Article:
For the purpose of proposing a settlement of rule violations alleged by the Financial Industry Regulatory Authority ("FINRA") and without admitting or denying the findings, prior to a regulatory hearing, and without an adjudication of any issue, Lloyd Thomas Mincy, Jr., submitted a Letter of Acceptance, Waiver and Consent ("AWC"), which FINRA accepted. In the Matter of Lloyd Thomas Mincy, Jr.,Respondent (AWC 20080158563, February 10, 2012).
According to the AWC, Mincy entered the securities industry in 1992, has Series 7, 63 and 24 licenses, and since September 1997, has been registered with Centaurus Financial Inc. ("Centaurus" ).
The AWC alleges that in October 2004, Mincy solicited prospective customer JK to purchase a variable annuity with a a 5% guaranteed death benefit option, which provided that upon the death of the annuitant, the payout to the beneficiaries would be no less than a 5% rate of return (the "VA"); however, in soliciting JK's purchase of the VA, Mincy falsely represented that the VA had a 5% guaranteed rate of return.
Based on that misrepresentation, in March 2005, JK invested approximately $210,000 in the VA. In 2008, JK contacted Mincy and requested a letter describing the 5% guaranteed rate of return - Mincy confirmed that on Centaurus letterhead. Although Centaurus' policies and procedures required a supervisor's review and approval of all outgoing correspondence prior to their transmission, Mincy did not submit the letter for such approval.
The AWC alleges that in April 2007, Mincy solicited prospective customers RG and SG to purchase the VA through misrepresenting the existence of a 5% guaranteed rate of return. Based on the rate misrepresentation, between March and April 2007, the G's invested approximately $720,000 in three VAs. In response to the customers' request for confirmation of the guaranteed rate, around late 2007/early 2008, Mincy sent an undated letter on Centaurus letterhead reiterating his prior rate statements. Once again, Mincy circumvented his firm's policies and procedures by transmitting the letter to his clients without prior supervisory approval.
In February 2005, Mincy allegedly solicited prospective customer KN to purchase the VA. In this solicitation, Mincy falsely represented a 6% guaranteed rate of return. Similarly, by letter dated March 21, 2005 (which was not approved by Centaurus supervisors), Mincy reiterated his rate misrepresentation. In April 2005, KN invested approximately $360,000 in the VA based upon the 6% guaranteed rate of return.
In May 2005, KN received her VA policy from the annuity company, but she believed the paperwork was inconsistent with Mincy's representation about a guaranteed 6% rate of return. During a meeting with Mincy, KN asked why the VA policy she received indicated a 5% rate of return, as opposed to the 6% he had represented to her. In response, Mincy offered to personally pay KN the 1 % difference if she would tell the annuity company that she accepted the policy as written. This proposed resolution only compounded the alleged falsehoods because Mincy's offer to pay an "additional 1%" falsely suggested the existence of a guaranteed 6% rate of return.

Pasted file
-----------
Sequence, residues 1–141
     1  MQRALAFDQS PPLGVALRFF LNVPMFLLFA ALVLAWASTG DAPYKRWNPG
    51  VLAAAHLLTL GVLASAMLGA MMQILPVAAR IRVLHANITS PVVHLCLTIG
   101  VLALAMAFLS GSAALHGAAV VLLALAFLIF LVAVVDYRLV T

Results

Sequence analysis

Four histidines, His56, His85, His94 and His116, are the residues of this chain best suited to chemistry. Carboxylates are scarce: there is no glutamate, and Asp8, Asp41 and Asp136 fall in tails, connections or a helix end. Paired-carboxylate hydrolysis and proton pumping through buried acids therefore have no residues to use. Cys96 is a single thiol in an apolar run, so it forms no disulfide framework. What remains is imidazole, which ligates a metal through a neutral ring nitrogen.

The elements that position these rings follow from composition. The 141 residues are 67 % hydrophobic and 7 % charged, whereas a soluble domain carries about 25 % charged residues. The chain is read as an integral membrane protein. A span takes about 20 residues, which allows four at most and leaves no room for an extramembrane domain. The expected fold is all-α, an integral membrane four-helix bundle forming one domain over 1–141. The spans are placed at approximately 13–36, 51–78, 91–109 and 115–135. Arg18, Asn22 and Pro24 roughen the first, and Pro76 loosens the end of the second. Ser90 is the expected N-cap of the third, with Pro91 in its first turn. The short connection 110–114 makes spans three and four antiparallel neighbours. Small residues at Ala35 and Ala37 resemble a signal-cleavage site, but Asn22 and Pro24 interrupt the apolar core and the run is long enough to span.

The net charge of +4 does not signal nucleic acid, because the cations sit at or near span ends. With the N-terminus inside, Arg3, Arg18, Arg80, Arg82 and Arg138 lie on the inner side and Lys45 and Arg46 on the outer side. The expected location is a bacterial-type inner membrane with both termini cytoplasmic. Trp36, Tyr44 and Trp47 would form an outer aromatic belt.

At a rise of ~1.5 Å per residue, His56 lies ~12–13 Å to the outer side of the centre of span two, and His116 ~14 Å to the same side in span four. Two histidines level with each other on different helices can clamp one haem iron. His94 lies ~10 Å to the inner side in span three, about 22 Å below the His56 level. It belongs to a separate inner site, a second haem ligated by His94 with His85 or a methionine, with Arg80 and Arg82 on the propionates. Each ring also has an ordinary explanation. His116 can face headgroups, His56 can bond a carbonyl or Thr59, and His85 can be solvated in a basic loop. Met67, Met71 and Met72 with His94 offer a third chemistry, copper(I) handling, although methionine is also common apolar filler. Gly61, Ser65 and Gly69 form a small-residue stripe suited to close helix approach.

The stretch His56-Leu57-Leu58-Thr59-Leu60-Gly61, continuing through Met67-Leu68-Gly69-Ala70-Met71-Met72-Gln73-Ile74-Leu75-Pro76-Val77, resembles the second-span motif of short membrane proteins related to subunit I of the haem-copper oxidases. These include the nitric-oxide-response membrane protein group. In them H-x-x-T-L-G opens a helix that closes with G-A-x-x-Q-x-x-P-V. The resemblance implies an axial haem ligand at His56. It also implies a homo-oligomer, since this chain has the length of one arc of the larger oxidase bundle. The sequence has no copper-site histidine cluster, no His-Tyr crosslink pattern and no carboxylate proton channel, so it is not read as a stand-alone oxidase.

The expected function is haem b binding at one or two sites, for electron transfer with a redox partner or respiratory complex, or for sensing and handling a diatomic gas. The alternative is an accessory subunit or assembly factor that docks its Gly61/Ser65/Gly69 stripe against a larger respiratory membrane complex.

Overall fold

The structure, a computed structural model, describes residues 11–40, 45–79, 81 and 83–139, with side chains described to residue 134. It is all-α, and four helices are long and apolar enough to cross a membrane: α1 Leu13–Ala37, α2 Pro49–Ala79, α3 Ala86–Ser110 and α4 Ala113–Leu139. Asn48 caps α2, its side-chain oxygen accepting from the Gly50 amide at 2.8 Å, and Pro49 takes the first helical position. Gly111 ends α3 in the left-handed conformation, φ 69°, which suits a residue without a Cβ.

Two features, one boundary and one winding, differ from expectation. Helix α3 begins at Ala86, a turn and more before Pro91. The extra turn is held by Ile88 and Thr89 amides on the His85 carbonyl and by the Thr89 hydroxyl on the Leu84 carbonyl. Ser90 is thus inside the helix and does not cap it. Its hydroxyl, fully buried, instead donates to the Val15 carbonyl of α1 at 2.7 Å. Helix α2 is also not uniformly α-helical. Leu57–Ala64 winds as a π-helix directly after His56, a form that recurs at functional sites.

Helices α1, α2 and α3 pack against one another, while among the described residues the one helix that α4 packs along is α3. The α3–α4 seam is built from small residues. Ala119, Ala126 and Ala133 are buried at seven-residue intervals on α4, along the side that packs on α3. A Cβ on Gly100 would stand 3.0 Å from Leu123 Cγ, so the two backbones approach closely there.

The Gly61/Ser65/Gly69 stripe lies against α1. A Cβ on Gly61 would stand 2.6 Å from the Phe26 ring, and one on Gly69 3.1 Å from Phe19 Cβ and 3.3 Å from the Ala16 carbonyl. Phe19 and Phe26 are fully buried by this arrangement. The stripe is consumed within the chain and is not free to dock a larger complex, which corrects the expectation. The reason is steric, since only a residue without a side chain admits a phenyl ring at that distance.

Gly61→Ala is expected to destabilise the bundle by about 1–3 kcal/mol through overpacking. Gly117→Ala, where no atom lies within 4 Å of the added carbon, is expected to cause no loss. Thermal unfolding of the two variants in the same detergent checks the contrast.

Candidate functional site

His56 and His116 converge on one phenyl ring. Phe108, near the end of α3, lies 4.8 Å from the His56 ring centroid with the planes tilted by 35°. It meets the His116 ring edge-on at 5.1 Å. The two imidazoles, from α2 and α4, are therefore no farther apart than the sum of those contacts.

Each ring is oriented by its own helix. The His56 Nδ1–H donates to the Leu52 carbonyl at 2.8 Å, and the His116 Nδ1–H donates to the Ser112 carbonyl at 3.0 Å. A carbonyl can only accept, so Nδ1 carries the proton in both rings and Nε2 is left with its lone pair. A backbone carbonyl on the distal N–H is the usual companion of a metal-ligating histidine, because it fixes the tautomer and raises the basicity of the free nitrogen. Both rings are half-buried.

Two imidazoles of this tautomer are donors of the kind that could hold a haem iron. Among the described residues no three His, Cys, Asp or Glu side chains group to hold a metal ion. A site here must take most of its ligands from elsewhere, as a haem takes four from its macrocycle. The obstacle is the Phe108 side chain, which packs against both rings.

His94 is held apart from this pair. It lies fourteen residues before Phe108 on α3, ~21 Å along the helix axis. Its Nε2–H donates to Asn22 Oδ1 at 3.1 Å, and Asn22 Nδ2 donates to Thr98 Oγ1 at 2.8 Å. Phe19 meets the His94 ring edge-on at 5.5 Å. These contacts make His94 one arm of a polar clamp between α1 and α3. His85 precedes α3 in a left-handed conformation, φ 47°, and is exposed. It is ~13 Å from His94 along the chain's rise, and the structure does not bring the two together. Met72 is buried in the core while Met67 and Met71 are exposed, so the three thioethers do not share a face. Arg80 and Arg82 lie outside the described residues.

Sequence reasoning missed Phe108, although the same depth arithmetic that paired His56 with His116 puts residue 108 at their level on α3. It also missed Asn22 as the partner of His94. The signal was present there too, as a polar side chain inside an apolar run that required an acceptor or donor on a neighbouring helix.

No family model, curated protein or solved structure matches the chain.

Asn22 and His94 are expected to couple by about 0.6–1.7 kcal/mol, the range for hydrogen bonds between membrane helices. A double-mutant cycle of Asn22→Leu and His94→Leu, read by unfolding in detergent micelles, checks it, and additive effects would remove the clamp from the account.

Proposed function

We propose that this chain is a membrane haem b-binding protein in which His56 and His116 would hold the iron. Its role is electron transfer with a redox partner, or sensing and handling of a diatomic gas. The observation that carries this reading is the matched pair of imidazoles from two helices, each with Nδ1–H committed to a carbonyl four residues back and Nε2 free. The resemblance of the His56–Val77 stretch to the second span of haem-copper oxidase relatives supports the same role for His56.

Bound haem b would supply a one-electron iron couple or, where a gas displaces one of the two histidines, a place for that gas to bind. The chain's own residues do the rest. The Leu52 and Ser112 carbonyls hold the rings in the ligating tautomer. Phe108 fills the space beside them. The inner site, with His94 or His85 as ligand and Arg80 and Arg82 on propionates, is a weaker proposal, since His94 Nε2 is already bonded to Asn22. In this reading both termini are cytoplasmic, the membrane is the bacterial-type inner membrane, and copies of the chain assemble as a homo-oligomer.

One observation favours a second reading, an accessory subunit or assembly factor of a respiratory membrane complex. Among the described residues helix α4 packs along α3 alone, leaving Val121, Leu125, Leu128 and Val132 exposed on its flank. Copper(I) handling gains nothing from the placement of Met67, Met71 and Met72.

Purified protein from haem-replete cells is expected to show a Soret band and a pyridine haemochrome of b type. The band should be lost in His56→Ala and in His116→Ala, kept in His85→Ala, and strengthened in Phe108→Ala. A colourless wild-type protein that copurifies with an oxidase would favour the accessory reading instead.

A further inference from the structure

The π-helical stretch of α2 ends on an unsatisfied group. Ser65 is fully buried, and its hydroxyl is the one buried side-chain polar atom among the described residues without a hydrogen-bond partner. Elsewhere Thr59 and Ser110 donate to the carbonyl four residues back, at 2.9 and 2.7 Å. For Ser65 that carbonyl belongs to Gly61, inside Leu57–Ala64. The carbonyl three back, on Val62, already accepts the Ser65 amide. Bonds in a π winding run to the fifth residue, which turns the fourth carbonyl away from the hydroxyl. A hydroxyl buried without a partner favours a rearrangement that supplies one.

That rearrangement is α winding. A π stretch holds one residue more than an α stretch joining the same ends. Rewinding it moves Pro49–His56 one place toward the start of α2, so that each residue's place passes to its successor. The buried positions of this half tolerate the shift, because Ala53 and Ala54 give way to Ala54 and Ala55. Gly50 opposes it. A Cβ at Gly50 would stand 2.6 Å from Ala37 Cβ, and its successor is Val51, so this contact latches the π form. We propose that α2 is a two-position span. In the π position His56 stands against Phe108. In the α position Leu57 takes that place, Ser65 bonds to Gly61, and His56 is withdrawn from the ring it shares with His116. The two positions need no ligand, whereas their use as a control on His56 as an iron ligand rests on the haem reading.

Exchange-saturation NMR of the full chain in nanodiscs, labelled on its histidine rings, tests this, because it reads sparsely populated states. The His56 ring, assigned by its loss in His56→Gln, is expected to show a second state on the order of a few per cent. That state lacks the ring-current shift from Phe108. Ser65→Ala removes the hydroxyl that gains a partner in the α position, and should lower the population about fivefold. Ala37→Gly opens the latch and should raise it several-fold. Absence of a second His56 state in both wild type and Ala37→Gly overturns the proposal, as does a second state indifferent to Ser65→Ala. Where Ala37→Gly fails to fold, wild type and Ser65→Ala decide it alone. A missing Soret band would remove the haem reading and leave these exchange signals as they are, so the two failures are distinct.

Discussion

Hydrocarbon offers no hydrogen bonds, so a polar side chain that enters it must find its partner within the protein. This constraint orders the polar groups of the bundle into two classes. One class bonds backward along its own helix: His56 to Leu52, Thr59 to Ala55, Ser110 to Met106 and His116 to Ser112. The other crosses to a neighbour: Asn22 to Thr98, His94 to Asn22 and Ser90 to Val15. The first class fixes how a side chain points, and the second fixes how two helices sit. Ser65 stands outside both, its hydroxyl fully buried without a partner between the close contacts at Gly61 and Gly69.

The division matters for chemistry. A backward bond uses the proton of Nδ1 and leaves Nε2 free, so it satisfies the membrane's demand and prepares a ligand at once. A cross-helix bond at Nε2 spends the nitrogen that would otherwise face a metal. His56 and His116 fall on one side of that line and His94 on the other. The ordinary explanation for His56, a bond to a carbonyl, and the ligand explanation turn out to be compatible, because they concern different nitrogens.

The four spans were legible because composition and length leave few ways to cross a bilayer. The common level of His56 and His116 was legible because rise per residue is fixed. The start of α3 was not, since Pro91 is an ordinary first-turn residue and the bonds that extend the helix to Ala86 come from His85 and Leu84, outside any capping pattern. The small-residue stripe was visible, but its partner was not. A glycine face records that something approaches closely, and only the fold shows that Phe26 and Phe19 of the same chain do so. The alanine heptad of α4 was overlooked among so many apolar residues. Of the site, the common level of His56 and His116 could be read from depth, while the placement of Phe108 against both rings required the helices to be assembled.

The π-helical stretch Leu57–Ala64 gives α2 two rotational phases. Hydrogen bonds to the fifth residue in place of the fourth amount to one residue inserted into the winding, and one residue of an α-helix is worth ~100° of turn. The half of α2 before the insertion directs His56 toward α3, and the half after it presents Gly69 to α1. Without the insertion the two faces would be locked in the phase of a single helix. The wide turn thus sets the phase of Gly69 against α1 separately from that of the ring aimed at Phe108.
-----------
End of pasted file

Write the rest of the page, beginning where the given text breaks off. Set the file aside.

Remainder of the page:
Finally, the AWC alleges that in July 2005, Mincy solicited prospective customer EP to purchase the VA - once again representing a 5% guaranteed rate of return. That same month, EP invested about $220,000 in the VA based upon the wrongly represented rate of return.
In June 2008, Mincy assisted customer LH, in surrendering her VA and, thereafter in purchasing a different product. Although the surrender charges amounted to $28,323, Mincy had misinformed LH that the surrender charges would be only $17,426. That same month, without informing Centaurus of LH's complaint about the over-charge, Mincy paid the customer $10,900 via his personal as compensation for the difference in the surrender charges. Mincy failed to disclose this payment to Centaurus.
The AWC alleges that Mincy made verbal and written material misrepresentations concerning the features of the VA both during the solicitation of those investments and afterwards, in violation of Section 10(b) of the Exchange Act, and Rule 10b-5 thereunder, and NASD Rules 2120 and 2110.
Also, Mincy's settlement of LH's customer complaint and the payment of $10,900 as compensation for the surrender charges without the knowledge or permission of his firm constitutes a violation of NASD Conduct Rule 2110.
Exchange Act Rule 10b-5 states that it is unlawful for any person, in connection with the purchase or sale of any security, to employ any device, scheme, or artifice to defraud, or to engage in any act, practice or course of business which operates or would operate as a fraud or deceit upon any person.
NASD Conduct Rule 2120 states that "No member shall effect any transaction in, or induce the purchase or sale of, any security by means of any manipulative, deceptive or other fraudulent device or contrivance."
NASD Rule 2110 states, in relevant part, that "[a] member, in the conduct of his business, shall observe high standards of commercial honor and equitable principles of trade."
In accordance with the terms of the AWC, FINRA imposed the sanctions of:
For an excellent discussion of Variable Annuities, read the Securities and Exchange Commission's "Investor Tips: Variable Annuities - What You Should Know."